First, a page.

Borgata Settles $1.2M Lawsuit With Poker’s Robbins Over ‘Suicide Risk’
Posted on: September 23, 2021, 12:56h.
Last updated on: September 23, 2021, 03:15h.
The Borgata in Atlantic City has settled a lawsuit brought by poker player Scott Robbins, according to court filings. The Massachusetts native sued the casino in July after it banned him for life for an off-the-cuff remark he made about jumping out of the window.
Robbins claimed his civil rights had been infringed by the ban. He also argued he had been slandered by casino staff when they allegedly told other poker players he had been barred “because of a suicide attempt.”
The lawsuit demanded $1.2 million in potential lost earnings from future Borgata poker tournaments and sponsorship deals. The sum the two parties settled for has not been disclosed. But in a recent post on the TwoPlusTwo poker forums, Robbins indicated he was satisfied with the result.
The case has been voluntarily dismissed, according to a recent filing to the US District Court for the District of New Jersey.
The player told the forum he accepted the best of three offers, claiming that the casino “desperately wanted to settle because they knew they would lose in court.”
“I just wanted to make a point that they arbitrarily and irresponsibly banned me because their employee misunderstood what I said because English wasn’t her first language,” he explained.
According to the lawsuit, the incident took place in September 2019, when Robbins arrived at the casino to play in the WPT Borgata Poker Open Main Event. Before he checked in, he won a satellite tournament for a seat in the event, worth $3,500.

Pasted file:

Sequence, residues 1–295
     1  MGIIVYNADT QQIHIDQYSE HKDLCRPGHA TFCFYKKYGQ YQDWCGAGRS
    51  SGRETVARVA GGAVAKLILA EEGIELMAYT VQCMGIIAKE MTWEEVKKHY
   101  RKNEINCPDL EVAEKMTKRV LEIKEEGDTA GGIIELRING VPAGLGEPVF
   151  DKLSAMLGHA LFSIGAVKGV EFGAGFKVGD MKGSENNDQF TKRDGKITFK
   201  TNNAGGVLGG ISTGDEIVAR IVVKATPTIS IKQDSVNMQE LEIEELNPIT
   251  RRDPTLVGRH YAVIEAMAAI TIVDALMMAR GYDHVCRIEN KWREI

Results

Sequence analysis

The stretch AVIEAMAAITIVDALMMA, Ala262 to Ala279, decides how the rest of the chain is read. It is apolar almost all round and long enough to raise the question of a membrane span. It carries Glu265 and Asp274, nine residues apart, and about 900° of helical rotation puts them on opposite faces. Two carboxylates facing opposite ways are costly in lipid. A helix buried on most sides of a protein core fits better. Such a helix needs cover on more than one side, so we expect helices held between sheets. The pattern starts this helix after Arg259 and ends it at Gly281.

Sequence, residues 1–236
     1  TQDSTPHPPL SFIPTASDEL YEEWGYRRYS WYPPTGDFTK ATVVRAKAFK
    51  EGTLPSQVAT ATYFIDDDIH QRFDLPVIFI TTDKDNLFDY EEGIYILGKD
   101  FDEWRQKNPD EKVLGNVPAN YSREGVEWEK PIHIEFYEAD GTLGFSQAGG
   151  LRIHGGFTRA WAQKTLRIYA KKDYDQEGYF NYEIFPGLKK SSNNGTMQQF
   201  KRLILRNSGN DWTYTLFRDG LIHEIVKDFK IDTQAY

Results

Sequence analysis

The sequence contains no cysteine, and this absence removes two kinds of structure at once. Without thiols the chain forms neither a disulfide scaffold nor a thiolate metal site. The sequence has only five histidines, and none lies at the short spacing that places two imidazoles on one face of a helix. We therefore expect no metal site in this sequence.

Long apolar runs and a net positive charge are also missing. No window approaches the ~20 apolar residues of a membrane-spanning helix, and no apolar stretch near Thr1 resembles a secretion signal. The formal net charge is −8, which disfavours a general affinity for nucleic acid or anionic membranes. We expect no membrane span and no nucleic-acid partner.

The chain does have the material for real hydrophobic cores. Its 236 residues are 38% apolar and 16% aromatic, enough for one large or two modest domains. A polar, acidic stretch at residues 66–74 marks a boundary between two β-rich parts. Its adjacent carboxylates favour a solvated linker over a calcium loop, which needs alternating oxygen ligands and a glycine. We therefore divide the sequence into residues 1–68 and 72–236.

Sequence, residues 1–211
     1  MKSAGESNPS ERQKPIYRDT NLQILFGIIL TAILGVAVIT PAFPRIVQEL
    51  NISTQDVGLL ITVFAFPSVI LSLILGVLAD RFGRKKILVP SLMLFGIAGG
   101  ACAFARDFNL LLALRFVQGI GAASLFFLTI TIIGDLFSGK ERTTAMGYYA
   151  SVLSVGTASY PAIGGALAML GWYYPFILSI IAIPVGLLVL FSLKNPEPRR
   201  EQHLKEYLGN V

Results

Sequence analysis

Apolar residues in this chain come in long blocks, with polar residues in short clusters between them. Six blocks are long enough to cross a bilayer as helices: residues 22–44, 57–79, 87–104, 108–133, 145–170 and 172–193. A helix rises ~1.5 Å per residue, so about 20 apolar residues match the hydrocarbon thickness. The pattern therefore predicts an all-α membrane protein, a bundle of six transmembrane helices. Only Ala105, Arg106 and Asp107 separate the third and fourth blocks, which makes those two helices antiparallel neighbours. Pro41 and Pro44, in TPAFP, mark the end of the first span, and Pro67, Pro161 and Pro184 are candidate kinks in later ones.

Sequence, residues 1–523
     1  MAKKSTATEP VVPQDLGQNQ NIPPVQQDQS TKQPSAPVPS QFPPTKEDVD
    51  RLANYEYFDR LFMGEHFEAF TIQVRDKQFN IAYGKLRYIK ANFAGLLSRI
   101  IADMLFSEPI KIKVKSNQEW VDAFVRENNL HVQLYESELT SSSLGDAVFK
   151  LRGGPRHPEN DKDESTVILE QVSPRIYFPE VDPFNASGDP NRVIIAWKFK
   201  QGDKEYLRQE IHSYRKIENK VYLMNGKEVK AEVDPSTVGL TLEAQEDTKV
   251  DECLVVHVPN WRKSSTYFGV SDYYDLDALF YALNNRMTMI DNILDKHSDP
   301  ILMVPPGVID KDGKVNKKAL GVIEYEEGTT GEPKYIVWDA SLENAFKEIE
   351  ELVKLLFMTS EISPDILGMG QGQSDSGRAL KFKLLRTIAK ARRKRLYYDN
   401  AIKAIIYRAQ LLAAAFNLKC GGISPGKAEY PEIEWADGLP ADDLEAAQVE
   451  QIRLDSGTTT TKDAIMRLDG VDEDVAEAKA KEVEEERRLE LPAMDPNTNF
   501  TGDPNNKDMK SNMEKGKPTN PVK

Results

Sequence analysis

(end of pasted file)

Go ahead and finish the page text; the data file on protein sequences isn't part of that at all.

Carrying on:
Later, when the employee at the front desk asked him whether he would prefer a room on a high or a low floor, he replied, “If I had to jump from a low floor window, would I make it?”
Robbins denies he was making a “suicide joke,” as was widely reported in the media. He says he was highlighting that there would be no difference in the outcome if he had to jump from a high or low window in the event of a fire.
“Since I wouldn’t survive either, I guess it doesn’t matter what floor you give me,” he said, according to court filings.
Robbins said there was laughter, and he believed the jocular context of the exchange was understood.
But shortly after arriving at his room, security arrived to inform him he was a “suicide risk.” They urged him to undergo psychiatric evaluation before he could return.
Psych Test No Joke
A bemused Robbins was transported to a local hospital where he was quickly given the all-clear, even laughing off the incident with the psychiatrist. He picked up the $1,157 tab for the ambulance and the $865 fee for the evaluation from his own pocket.
But when he got back to the casino, he found he had been 86’d, not just from the following day’s WPT event, but from all future Borgata tournaments.
Robbins claimed that subsequent rumors that spread around the casino about a “suicide attempt” resulted in the loss of sponsorship interest.
The $1.2 million sought in damages was based on the $417,325 in live tournament earnings Robbins had grossed since 2018.
The Borgata’s abundance of caution may have been provoked by the suicide of a professional volleyball player just months before. Cherry Hill, New Jersey resident Eric Zaun, 25, jumped to his death from the 29th floor of the casino on July 11, 2019.
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